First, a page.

911 DISPATCHER: Do you have a plate for the van?

CALLER: No, it said Canada. But I didn't look at the numbers.

911 DISPATCHER: And she's been in it for a month?

CALLER: She says March 19. And her husband left on March 22 and never came back.


SYLVESTER: The couple, last seen together leaving a convenience store, ended up in the woods after taking some wrong turns. Police still hope to find her husband alive.

Tokyo Electric is detecting a new radiation leakage at Japan's crippled Daiichi plant. This as the Japanese government conducts a two-month review of efforts to end the crisis. Plant workers say overall some progress is being made. Almost 80,000 people have been evacuated from their homes since the historic quake and tsunami hit.

And a rare theft at China's Forbidden City. Police say a 27- year-old man is suspected of taking more than $1 million worth of early 20th century pieces, including jewelry boxes and makeup cases. The Forbidden City was first built in the 15th century -- Wolf.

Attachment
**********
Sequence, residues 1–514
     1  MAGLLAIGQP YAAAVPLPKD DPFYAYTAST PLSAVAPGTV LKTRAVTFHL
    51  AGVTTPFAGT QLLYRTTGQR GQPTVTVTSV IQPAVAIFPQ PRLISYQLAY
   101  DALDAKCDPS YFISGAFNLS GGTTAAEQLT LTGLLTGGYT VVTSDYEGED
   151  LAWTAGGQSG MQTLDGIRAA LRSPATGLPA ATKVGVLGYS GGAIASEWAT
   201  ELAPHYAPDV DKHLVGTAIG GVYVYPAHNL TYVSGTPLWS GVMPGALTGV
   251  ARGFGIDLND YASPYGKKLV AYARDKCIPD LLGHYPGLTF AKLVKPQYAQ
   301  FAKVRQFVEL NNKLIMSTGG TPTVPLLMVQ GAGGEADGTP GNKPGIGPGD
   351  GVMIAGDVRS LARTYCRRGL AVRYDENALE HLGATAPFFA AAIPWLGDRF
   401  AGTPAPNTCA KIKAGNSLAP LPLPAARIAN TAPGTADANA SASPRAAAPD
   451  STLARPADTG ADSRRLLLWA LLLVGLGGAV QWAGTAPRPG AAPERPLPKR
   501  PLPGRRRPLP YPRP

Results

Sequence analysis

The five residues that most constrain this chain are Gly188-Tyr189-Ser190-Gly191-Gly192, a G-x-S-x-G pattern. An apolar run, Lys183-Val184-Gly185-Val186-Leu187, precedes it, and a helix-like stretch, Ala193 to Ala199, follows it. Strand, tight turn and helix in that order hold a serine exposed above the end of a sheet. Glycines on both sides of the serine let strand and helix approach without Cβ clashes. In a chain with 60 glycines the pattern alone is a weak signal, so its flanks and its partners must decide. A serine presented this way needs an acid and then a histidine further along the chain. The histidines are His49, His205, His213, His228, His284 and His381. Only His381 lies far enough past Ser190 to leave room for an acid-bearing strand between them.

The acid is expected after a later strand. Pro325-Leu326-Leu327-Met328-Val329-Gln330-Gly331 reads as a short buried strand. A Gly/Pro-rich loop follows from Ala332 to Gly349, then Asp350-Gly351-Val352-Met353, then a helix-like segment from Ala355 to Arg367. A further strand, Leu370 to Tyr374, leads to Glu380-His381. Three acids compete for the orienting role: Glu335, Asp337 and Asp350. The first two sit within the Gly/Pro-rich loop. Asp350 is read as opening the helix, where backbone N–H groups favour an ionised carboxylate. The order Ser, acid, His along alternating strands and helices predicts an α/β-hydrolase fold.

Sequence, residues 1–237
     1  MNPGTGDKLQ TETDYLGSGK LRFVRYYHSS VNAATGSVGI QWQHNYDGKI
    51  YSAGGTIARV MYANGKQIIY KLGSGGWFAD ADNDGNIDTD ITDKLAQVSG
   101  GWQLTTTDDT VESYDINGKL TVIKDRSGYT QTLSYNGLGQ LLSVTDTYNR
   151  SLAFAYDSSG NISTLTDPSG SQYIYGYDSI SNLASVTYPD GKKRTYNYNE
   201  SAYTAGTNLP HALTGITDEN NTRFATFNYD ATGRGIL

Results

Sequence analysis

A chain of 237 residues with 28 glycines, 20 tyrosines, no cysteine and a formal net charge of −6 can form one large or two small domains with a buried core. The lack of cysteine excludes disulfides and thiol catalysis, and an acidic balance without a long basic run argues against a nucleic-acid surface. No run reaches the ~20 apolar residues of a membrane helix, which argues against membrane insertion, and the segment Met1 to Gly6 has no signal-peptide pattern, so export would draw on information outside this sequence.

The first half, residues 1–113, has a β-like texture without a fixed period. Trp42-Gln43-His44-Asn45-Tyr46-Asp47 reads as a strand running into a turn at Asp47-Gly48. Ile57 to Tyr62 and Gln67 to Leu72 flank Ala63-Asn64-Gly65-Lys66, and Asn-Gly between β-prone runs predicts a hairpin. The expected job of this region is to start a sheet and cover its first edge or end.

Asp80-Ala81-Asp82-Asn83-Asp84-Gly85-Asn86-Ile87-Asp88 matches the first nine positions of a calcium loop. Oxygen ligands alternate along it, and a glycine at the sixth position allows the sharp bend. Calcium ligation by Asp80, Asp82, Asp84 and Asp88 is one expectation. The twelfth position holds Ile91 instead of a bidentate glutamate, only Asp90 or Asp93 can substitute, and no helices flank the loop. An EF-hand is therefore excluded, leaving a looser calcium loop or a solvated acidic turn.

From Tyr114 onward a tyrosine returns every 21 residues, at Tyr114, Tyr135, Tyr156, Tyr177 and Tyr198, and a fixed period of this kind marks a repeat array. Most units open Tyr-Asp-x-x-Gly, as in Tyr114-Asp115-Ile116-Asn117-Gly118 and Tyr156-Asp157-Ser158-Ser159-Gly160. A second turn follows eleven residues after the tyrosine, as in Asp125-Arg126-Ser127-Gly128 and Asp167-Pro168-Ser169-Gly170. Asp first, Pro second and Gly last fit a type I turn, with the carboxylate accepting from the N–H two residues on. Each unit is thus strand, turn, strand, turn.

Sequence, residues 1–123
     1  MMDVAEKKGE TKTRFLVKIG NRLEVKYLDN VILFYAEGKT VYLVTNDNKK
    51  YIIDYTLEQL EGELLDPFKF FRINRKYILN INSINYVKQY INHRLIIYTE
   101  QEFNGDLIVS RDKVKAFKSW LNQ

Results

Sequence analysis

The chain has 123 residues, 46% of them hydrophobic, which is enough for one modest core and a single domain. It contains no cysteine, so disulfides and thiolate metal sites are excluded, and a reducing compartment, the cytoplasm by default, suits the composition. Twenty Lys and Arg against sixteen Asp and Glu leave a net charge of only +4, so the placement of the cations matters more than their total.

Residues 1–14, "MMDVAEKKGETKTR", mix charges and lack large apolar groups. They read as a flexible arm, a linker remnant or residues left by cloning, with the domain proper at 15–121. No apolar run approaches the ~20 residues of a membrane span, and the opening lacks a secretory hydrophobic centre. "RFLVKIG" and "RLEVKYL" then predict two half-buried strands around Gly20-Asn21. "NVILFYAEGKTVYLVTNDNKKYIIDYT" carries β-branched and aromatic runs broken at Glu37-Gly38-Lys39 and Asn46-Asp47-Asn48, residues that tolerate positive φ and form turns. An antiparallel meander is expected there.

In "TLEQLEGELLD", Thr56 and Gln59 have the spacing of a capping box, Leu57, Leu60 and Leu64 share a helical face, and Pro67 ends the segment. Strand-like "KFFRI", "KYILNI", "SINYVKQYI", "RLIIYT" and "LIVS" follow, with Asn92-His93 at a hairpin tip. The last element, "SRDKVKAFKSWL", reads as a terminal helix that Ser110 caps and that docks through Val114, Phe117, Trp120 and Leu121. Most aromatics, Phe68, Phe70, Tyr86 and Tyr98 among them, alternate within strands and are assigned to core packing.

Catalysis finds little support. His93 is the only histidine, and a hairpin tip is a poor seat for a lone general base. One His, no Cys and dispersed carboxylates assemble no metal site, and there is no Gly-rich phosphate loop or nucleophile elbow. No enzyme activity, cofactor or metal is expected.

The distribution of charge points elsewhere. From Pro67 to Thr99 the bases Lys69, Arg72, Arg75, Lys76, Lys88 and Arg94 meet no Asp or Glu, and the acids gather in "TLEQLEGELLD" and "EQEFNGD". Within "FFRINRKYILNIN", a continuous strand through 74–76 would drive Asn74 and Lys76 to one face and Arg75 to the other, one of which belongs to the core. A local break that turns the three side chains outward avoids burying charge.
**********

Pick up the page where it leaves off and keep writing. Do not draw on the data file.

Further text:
BLITZER: Lot of money. OK, thanks very much, Lisa, thank you for that.

Newt Gingrich is entering the Republican presidential race today with a lot of political and personal baggage. Is it more than voters can handle?

And will President Obama's upcoming speech on the Middle East calm the region or fan the flames? Roland Martin and Rich Galen are both standing by for our "Strategy Session."


BLITZER: We're standing by to speak live with a rising star in the Republican Party, the Florida senator, Marco Rubio. He's here in THE SITUATION ROOM, got some strong views on what's happening in the Middle East right now. Standby for the interview.

In the meantime, though, the former Republican House Speaker Newt Gingrich has made it official, he is now running for president of the United States. The announcement came just a little while ago.